Remembering Kenny Irwin Jr. 14 years after his death
Fourteen years ago, NASCAR was struck with tragedy once again at New Hampshire Motor Speedway. On July 7, 2000, the 1998 Rookie of the Year Kenny Irwin Jr. was killed after his throttle hung heading into Turn 3 during Sprint Cup Series practice.
Irwin's No. 42 Chevrolet struck the wall head on, and then rode the wall on its driver's side before coming to a rest on its roof. Officials determined Irwin had been killed instantly.
A bright and rising star in the Sprint Cup ranks, Irwin lost his life in the same corner, in the same fashion that had claimed the life of Adam Petty just two months earlier.
Irwin came up through the ranks as an open-wheel driver in the USAC series. During that time, he scored seven USAC wins, was the 1993 USAC Rookie of the Year, and the 1996 USAC Midget Series champion.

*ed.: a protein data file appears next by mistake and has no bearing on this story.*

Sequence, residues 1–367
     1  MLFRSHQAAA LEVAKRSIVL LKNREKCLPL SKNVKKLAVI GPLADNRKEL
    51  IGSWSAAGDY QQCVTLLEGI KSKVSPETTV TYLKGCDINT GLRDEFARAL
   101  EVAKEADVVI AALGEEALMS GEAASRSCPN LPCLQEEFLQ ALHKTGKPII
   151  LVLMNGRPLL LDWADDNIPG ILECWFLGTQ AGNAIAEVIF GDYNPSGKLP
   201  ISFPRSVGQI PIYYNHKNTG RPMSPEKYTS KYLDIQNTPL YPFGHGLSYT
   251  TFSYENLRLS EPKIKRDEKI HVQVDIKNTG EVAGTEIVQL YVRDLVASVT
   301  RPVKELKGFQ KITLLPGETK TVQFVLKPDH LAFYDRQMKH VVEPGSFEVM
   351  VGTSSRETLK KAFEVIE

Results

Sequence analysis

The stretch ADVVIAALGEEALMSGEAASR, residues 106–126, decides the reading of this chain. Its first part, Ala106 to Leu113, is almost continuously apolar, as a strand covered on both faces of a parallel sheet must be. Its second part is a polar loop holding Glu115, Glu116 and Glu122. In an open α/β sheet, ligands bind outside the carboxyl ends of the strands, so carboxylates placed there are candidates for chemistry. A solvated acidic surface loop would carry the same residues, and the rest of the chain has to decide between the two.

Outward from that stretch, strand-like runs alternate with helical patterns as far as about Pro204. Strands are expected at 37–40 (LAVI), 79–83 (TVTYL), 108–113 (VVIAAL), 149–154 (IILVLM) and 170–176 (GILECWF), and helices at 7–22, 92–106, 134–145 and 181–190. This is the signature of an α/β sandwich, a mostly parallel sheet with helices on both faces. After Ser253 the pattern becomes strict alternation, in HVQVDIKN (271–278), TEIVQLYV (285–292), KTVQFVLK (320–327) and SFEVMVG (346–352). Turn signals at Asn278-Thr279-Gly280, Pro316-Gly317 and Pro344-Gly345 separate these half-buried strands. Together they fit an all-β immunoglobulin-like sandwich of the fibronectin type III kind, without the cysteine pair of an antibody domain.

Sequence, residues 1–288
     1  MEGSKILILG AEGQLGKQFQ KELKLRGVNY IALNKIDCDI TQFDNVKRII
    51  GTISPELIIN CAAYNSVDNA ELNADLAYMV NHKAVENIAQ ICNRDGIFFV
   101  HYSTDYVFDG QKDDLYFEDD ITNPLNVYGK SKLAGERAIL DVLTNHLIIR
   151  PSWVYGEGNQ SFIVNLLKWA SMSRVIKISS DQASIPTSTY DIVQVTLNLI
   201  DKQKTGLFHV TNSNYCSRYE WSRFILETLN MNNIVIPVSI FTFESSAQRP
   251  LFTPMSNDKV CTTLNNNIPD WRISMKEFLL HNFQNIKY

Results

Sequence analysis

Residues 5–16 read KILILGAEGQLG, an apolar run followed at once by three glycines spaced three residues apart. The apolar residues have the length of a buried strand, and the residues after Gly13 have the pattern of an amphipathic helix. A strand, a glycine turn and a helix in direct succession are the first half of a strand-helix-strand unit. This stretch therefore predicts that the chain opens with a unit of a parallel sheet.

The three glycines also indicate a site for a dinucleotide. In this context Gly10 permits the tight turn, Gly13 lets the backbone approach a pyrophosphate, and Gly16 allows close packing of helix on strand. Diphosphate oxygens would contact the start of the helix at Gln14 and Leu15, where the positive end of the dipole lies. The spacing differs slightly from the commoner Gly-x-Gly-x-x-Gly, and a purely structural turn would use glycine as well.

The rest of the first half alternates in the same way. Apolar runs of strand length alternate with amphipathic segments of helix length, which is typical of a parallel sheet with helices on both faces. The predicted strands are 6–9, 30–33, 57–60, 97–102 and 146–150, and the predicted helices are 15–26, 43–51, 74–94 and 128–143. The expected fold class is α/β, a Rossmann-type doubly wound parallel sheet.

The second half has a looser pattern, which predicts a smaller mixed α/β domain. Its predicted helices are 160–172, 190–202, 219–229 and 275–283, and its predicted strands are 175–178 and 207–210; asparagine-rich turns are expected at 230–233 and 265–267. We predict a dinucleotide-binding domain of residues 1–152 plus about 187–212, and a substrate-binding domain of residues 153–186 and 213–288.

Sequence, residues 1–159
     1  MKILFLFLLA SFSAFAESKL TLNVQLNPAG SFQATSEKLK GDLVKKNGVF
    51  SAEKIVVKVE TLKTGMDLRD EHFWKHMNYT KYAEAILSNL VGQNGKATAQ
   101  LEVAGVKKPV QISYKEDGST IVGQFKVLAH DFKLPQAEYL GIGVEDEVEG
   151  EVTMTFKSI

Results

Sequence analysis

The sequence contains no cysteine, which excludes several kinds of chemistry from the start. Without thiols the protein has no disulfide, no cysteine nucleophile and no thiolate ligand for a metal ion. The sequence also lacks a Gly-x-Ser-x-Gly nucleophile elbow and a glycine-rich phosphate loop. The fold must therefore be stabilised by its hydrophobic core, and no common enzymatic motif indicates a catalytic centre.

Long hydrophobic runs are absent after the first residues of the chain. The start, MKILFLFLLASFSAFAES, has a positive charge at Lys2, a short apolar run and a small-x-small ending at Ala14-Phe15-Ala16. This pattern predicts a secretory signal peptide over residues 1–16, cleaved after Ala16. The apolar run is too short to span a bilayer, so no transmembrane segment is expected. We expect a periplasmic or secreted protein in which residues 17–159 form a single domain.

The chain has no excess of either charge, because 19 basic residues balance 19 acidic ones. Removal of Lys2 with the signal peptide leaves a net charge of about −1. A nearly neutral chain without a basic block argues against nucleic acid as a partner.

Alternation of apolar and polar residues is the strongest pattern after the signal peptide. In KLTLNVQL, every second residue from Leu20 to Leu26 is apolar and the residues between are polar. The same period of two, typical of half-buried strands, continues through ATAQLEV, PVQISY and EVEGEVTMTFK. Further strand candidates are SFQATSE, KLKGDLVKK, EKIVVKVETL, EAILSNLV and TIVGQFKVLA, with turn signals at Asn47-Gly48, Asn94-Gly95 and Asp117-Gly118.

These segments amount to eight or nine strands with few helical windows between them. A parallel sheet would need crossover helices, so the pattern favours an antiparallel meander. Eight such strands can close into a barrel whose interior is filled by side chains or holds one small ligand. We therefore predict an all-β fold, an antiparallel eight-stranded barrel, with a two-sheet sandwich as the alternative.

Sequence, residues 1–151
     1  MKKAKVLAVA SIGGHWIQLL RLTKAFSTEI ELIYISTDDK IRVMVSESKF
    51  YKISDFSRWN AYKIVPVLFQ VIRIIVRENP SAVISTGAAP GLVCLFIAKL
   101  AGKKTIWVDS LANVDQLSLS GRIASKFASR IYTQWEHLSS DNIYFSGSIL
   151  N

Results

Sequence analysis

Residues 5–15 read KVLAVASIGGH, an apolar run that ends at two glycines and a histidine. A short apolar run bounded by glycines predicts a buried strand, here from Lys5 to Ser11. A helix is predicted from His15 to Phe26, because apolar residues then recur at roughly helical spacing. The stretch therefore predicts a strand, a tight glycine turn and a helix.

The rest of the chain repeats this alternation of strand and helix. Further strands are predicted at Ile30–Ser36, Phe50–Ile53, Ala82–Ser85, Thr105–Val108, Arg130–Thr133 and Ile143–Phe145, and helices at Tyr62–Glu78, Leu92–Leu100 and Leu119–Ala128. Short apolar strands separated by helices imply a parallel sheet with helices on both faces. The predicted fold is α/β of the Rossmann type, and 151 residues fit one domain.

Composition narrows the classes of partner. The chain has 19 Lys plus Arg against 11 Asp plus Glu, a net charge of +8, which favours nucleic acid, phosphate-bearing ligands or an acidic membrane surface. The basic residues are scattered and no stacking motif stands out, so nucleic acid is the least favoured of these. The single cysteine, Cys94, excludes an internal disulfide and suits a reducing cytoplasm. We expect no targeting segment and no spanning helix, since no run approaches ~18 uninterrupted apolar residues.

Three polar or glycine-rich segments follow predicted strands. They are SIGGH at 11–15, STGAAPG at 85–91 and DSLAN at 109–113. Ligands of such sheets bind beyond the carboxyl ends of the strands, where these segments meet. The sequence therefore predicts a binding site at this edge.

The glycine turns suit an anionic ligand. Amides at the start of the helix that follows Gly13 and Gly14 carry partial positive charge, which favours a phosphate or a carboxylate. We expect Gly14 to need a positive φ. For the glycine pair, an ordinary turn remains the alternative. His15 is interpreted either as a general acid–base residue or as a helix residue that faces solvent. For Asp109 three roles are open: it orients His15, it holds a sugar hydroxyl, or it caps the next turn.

In 1996 he also made the jump to NASCAR, making five starts in the Camping World Truck Series. The next season, Irwin won two Truck Series races at Homestead and Texas, and also made his Sprint Cup Series debut at Richmond, qualifying on the outside of the front row and finishing eighth.
Irwin would land a full-time Sprint Cup Series ride with Robert Yates Racing to drive the famous No. 28 in 1998, earning the Rookie of the Year title over the likes of Kevin Lepage, Jerry Nadeau and Steve Park.
In all, Irwin would make 87 Sprint Cup Series starts, with his best finish coming in the 1999 Daytona 500, when he finished third behind Jeff Gordon and Dale Earnhardt Sr.
For the 2000 season, Irwin had joined Team SABCO, owned by Felix Sebates and recent NASCAR convert Chip Ganassi.
Unfortunately, Irwin was never able to show his full potential in the Sprint Cup Series. At just 30 years old, Irwin was just one in a string of fatal accidents that would include Adam Petty, Tony Roper, and ultimately Dale Earnhardt Sr. spanning the 2000 and 2001 seasons.